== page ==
No employer contribution

Weekly Benefits Start 01-01-2022

95% of employee’s base weekly earnings up to:

  • 40 x current state minimum wage plus
  • 60% of employee’s base weekly earnings
    above 40 times current state minimum wage
  • Maximum of 60 x current state minimum
    wage

Subject to reduction if needed to ensure solvency
of the PFML program

Predicted to be ~$840/week when benefits start;
up to ~$900 in 2023 due t scheduled increases in
state minimum wage

§3(e)(2)

 

Private Plan Option

Section 11 of the Connecticut PFML law allows employers to adopt an insured or self-funded private plan.  The requirements are very similar to those in Massachusetts.  To be approved, a private plan must:

(A) Confer all of the same rights, protections and benefits provided to employees under the PFML statute, including:

(i) At least the same number of weeks of benefits;

(ii) At least the same level of wage replacement for each of those weeks; and

(iii) Leave and benefits for the same reasons as specified in the statute;

(B) Impose no additional conditions or restriction on the use of family or medical leave beyond those explicitly authorized by the statute or by regulations to be issued

(C) Cost employees no more than the premium charged to employees under the state program;

(D) Provide coverage for all employees throughout their period of employment;

(E) Provide for the inclusion of future employees;

(F) Not result in a substantial selection of risks adverse to the Family and Medical Leave Insurance Trust or otherwise significantly endanger the solvency of the fund;

(G) Have been approved by a majority vote of the employer’s employees; and

(H) Meet any additional requirements established by the authority.

 

What’s Interesting?

Health Care Provider Obligations

In a new but welcome twist, the statute imposes some obligations on health care providers:

  • The health care provider has a duty to provide a complete and timely medical certification
    upon patient’s request
  • The health care provider cannot charge a fee for completing the certification
  • If CT PFML compensation is paid as a result of willful misrepresentation by a health care provider,
    the provider may be liable for a penalty of 300% of the benefits paid as a result. Perhaps this will
    deter providers who simply approve whatever leave frequency and duration the patient says is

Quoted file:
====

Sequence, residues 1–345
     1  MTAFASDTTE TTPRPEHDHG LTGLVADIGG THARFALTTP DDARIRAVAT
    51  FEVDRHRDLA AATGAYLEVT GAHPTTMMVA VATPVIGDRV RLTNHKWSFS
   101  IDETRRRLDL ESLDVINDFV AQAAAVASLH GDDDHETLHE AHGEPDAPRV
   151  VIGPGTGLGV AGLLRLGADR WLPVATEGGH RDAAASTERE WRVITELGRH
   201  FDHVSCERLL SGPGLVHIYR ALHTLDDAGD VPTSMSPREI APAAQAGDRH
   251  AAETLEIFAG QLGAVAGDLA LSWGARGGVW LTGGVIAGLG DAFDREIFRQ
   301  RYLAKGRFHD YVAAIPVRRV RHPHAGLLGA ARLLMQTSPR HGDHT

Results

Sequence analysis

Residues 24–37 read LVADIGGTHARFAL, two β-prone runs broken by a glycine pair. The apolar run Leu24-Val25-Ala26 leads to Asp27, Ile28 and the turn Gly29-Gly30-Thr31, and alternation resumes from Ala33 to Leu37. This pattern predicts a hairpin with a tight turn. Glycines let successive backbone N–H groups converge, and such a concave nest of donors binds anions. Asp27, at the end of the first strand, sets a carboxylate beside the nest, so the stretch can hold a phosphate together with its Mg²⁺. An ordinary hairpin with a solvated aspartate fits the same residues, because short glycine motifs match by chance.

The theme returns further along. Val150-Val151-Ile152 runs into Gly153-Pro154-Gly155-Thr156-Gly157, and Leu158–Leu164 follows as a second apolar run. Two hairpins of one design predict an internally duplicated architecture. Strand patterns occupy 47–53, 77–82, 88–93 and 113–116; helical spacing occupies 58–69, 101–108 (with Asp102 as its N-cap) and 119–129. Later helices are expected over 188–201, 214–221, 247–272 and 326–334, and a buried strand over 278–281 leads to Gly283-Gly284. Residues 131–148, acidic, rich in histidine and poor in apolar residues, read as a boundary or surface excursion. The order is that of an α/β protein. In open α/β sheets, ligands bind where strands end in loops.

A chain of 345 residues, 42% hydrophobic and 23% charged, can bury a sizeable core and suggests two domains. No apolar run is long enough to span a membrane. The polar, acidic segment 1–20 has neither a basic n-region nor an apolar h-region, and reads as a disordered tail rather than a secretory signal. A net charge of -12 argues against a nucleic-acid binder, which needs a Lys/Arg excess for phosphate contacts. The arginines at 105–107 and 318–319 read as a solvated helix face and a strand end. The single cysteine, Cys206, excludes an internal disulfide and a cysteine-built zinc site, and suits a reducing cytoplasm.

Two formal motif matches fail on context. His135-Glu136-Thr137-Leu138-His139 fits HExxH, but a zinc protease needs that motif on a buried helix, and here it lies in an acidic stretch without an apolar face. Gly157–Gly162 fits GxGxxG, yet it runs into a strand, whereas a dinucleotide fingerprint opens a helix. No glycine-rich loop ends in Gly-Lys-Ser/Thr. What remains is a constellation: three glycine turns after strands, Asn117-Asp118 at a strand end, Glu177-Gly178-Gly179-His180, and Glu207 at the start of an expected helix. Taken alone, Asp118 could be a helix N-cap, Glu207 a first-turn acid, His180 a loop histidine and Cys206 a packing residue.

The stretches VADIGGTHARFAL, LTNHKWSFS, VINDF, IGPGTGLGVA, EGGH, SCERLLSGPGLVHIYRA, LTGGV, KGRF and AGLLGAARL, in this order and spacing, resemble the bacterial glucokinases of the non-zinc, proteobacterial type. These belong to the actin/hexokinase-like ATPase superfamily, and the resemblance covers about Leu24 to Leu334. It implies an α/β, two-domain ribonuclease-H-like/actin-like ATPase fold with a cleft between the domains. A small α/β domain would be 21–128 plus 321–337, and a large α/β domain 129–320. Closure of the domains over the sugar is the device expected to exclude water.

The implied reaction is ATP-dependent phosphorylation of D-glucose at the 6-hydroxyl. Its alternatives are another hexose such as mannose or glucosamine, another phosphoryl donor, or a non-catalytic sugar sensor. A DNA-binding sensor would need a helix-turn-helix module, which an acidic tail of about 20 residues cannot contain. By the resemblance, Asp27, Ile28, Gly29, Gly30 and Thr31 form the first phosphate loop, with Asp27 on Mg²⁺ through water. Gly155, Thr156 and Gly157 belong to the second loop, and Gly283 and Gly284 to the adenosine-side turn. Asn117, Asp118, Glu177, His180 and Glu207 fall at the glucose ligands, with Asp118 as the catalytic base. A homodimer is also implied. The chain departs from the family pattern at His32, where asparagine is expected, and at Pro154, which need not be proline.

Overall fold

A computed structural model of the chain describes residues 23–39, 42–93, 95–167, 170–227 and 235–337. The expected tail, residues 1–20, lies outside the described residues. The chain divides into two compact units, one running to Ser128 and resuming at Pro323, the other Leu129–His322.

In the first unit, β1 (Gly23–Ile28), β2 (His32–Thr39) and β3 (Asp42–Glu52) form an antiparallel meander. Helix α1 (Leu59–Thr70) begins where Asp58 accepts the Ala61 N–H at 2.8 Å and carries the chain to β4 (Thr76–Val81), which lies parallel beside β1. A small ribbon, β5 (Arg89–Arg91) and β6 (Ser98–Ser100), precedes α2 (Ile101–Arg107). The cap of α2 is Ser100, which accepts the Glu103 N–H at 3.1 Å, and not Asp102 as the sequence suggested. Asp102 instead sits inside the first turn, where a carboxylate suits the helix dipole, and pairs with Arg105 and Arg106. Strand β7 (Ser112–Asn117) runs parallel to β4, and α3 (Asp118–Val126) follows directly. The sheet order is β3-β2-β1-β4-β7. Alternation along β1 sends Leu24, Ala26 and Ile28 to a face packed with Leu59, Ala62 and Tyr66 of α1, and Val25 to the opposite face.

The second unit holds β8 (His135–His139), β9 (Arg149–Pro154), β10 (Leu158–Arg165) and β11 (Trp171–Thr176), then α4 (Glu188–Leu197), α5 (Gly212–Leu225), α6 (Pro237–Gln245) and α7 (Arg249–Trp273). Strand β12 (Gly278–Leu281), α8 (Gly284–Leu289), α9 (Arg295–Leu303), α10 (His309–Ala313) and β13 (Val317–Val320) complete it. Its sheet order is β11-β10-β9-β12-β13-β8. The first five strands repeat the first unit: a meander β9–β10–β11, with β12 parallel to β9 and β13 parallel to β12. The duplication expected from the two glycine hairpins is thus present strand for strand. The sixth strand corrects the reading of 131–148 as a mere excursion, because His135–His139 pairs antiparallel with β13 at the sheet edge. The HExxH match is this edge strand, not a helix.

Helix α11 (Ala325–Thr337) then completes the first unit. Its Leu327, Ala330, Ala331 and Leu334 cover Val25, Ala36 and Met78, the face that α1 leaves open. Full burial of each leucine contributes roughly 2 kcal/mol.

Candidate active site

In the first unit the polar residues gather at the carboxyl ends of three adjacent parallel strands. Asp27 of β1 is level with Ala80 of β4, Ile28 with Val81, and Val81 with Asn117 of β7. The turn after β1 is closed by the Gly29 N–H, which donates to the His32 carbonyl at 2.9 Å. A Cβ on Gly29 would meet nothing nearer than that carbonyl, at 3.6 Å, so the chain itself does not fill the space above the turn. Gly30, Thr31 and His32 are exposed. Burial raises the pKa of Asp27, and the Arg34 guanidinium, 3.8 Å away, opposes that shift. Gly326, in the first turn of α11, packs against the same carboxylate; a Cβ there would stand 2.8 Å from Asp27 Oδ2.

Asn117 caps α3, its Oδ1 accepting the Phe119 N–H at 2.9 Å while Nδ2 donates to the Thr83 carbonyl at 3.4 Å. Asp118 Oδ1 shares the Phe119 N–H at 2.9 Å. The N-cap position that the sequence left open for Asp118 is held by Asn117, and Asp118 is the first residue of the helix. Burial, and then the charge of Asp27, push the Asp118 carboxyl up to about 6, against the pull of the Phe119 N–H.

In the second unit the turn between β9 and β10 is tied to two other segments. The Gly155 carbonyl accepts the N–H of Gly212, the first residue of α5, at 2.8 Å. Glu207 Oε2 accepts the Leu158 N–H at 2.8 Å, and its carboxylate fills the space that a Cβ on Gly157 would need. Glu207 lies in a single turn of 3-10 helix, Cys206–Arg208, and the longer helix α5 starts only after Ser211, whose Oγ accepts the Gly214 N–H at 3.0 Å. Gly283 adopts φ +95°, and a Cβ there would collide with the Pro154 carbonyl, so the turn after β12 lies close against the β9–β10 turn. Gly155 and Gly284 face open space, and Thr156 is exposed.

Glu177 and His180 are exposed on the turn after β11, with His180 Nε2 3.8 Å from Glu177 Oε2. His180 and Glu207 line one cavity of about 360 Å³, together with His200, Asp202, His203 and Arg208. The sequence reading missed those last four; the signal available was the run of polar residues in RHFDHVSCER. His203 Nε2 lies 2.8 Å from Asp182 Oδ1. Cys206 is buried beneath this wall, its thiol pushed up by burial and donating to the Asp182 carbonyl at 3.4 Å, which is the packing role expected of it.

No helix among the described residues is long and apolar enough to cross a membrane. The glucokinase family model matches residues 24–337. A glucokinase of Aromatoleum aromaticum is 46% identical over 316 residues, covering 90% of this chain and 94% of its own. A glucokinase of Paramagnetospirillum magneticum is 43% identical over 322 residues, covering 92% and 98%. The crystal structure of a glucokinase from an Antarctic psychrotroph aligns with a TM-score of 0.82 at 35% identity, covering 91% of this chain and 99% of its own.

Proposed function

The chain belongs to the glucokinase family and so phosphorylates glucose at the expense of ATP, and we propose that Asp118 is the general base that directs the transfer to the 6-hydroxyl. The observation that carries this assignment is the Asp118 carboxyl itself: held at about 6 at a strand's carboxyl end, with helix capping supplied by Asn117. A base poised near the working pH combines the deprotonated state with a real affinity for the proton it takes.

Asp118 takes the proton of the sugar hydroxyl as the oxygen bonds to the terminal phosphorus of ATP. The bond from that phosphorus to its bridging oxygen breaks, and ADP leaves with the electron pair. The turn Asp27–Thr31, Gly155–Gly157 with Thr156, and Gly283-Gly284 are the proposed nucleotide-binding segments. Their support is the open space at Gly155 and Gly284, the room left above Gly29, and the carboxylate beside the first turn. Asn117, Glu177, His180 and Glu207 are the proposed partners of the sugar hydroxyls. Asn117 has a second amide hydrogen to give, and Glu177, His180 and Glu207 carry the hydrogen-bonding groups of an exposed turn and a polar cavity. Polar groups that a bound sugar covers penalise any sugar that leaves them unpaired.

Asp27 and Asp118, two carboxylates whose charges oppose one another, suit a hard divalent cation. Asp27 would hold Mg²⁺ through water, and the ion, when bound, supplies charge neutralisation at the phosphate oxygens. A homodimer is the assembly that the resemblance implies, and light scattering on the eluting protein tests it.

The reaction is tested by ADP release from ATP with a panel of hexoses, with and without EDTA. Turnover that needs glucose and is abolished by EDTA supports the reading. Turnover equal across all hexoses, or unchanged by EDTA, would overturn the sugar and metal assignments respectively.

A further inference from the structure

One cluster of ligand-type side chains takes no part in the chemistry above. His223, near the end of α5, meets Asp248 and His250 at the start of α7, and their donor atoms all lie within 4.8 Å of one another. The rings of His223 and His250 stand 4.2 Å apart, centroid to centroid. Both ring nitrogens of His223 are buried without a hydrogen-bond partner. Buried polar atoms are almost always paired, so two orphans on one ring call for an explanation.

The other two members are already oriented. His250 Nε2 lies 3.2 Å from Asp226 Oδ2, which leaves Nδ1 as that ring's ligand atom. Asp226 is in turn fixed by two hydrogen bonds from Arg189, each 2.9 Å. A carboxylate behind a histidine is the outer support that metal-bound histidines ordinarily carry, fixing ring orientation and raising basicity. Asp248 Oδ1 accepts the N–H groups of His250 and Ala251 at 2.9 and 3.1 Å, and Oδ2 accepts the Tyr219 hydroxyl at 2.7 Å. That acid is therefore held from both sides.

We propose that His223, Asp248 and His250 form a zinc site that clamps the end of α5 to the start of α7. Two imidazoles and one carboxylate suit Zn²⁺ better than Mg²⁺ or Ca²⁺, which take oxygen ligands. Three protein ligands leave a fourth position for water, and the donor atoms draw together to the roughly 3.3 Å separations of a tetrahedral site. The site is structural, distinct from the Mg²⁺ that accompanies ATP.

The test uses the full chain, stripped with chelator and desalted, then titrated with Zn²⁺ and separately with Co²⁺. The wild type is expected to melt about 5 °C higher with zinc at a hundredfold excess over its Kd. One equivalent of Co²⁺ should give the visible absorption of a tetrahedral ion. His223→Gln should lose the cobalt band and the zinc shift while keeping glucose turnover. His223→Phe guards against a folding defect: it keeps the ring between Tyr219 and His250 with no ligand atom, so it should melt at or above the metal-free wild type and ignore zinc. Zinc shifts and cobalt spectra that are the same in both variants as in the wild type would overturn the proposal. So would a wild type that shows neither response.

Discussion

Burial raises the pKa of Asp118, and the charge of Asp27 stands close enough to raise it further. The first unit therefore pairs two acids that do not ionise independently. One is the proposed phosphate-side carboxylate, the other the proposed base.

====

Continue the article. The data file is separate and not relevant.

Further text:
needed without exercising medical judgment.

Like a family member . . .” 

You will have noted (with your hand to your forehead) that leave is available to care for “an individual related to the employee by blood or affinity whose close association the employee shows to be the equivalent of those family relationships.” The law tasks the Connecticut Labor Commissioner to adopt regulations that, among other things, provide guidelines regarding factors to be considered when determining whether an individual’s close association with an employee is the equivalent of a family member relationship otherwise covered by the statute.

Existing Connecticut family and medical leave law

Current Connecticut law provides job-protected but unpaid leave of absence (up to 16 weeks in a 24-month period) for all of the reasons listed above, with leave as a victim of family violence carved out separately.  The vast majority of the existing law is repealed and reenacted or amended by the new PFML law effective January 1, 2022 – the date the paid benefits will start.  The expanded definitions of family members for whom an employee can take paid family leave will provide broader coverage for that leave reason.  Existing law allows leave to care for a parent, child (under 18 or disabled), and spouse.  As you can see above, several relationships have been added, including sibling, grandchild, grandparent, and “like a family member.”

The text of the final bill as passed can be found HERE

 

MATRIX CAN HELP! It’s early days yet for Connecticut PFML.  As usual, we will be watching for developments and reporting on this blog as new information is available.  IN the meantime, you can find our prior blog posts about other state PFML laws by typing the state name in the search box – a wealth of articles about the pending Massachusetts and Washington laws and the 2019 New Jersey amendments.

 

AND . . . If your company is interested in the private plan option for Washington or Massachusetts PFML, contact your Matrix/Reliance Standard account manager or send us a message at ping@matrixcos.com.